The idea is simple; Even in a most man-made environment, life will find a way to take root and grow. Sometimes, it is put there by humans, but often it is through the sheer power of biology that life keeps going and going. As I have mentioned many (possibly a million, or so) times, I live in the city, so this idea changed the way I look at my suroundings. I started to appreciate all the places where life continues amidst the metal and the concrete and the boarded up windows:
And every once in a while, a photo like this makes its way onto a layout, or in this case, into a mini album:
Perhaps sometime soon, you might like to take a walk with your camera, and take a look around for some signs of life doing its thing; you know, living.
Today is photo day! Hooray! Yesterday we recorded our thoughts about something we saw, then added a photo. Did you finish a layout? I hope you did and that you had fun making it!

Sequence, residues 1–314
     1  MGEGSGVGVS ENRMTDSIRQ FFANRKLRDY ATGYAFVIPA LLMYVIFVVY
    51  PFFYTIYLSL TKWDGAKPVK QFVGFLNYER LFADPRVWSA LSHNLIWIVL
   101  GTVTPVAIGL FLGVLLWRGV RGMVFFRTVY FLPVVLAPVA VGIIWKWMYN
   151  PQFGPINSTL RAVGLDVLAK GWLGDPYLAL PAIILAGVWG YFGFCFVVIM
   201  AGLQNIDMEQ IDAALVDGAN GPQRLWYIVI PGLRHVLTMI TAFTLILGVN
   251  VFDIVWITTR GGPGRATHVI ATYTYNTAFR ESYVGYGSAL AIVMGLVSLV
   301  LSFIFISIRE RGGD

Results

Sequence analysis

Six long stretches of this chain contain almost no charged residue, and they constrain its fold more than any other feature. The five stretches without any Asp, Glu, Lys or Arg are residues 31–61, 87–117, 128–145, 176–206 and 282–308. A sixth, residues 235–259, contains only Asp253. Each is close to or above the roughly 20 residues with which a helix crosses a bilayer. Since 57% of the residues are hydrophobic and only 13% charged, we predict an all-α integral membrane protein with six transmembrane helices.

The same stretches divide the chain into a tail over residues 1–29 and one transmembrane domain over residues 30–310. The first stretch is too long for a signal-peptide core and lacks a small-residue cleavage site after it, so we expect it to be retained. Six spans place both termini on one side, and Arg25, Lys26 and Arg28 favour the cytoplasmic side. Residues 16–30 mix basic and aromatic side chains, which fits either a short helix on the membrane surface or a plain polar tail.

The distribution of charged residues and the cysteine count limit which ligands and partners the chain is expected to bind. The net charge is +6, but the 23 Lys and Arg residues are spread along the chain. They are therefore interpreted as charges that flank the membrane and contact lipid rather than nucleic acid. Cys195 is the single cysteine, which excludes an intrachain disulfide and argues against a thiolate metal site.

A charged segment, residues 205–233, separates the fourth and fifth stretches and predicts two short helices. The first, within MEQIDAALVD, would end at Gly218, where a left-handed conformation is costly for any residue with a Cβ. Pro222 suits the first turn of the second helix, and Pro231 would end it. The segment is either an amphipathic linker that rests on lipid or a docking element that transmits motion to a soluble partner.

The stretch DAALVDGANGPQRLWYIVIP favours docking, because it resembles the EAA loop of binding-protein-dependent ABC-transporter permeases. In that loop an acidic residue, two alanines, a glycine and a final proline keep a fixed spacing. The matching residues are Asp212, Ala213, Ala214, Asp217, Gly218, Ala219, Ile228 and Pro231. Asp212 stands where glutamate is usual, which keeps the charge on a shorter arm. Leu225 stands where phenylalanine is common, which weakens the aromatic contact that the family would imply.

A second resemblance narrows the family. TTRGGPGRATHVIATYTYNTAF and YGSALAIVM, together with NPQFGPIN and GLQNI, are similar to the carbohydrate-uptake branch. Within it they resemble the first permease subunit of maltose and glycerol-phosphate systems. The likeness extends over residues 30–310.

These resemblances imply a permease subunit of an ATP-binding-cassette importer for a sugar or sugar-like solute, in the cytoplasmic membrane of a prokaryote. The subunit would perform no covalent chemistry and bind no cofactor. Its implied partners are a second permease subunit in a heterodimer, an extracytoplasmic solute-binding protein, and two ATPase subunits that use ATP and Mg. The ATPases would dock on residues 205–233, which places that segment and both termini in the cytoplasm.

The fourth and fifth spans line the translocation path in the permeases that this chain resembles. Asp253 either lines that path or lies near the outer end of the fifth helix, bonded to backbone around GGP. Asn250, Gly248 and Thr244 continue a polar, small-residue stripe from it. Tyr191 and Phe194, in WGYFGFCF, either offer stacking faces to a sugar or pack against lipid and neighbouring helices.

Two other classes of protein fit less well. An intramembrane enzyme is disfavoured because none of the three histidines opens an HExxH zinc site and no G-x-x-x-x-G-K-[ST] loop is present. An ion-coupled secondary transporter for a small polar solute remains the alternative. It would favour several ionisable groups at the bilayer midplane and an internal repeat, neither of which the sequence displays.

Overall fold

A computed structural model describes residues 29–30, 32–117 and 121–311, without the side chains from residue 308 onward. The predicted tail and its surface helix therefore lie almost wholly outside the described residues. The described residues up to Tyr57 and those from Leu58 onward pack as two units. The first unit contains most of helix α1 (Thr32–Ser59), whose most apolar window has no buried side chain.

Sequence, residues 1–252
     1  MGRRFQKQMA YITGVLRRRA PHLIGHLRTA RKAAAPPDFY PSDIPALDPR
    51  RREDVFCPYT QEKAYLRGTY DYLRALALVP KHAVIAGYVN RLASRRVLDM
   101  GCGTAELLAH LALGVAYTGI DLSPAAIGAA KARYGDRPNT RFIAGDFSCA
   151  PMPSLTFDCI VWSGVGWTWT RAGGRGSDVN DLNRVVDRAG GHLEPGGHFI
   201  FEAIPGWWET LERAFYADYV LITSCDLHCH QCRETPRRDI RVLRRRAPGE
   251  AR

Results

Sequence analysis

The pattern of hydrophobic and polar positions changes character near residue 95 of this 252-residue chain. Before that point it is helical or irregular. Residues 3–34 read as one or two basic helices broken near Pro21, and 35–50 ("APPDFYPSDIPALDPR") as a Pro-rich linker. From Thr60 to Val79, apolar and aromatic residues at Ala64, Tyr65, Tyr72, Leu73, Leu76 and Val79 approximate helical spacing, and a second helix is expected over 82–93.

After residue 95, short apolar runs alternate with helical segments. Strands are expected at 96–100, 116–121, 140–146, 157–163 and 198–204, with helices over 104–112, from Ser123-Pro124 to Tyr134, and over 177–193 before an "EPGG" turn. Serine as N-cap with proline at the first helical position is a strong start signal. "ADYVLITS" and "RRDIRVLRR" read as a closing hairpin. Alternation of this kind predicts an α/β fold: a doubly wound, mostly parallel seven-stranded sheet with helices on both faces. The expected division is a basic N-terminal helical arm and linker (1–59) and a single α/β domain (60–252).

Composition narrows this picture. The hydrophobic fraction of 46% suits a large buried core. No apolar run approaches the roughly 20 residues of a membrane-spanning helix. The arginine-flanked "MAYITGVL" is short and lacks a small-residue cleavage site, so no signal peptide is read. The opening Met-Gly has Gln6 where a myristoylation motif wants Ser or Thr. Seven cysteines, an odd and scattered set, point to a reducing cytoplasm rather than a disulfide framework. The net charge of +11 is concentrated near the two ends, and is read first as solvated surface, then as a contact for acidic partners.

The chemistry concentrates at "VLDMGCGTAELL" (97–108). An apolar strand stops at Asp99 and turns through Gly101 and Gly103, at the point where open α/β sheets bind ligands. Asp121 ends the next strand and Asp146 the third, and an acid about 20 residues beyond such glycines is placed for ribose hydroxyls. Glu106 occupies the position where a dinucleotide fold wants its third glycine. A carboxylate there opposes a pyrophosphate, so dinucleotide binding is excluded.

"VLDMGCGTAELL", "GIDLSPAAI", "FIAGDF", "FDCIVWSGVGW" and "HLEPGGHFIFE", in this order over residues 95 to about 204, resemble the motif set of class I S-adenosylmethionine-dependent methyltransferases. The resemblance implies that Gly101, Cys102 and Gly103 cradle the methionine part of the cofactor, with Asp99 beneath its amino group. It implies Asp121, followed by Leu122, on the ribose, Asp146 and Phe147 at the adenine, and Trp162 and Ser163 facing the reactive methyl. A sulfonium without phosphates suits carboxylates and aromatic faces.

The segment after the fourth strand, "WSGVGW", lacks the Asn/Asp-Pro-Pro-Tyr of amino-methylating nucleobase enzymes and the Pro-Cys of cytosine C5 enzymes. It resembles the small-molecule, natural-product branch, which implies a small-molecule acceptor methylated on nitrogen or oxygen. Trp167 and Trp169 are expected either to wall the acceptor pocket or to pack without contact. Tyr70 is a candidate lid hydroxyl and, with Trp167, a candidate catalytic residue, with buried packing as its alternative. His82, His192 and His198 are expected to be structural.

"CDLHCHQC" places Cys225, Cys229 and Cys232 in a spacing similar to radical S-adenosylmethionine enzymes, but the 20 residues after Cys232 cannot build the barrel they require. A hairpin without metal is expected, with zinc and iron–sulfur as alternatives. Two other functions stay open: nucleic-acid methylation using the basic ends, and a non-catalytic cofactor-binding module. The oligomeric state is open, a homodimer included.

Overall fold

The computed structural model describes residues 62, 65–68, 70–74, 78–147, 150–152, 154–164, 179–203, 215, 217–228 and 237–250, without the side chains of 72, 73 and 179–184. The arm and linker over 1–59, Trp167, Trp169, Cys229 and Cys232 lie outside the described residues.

Today, we are going to take a picture of something that we see. Don't overthink it. Just grab your camera and take a quick peek around your house and pick something. Really. Those of you who do daily photos are so good at this already. You don't need any coaching.
I took mine yesterday. It is of a stack of leftovers. We had two families over for Sunday dinner and made both beef and pork cafe rio with all the fixings. Including three salsas, two dressings, two beans, rice, tomatoes, cheese, and tortillas. (It is my most favorite thing to make for dinner as it gives me lunches for a whole week!) (I take that back. It is my most favorite thing to make for dinner because I LOVE IT! and a welcome side benefit is that it gives me lunches for a whole week. heehee!) I couldn't resist a photo of the stacked up containers.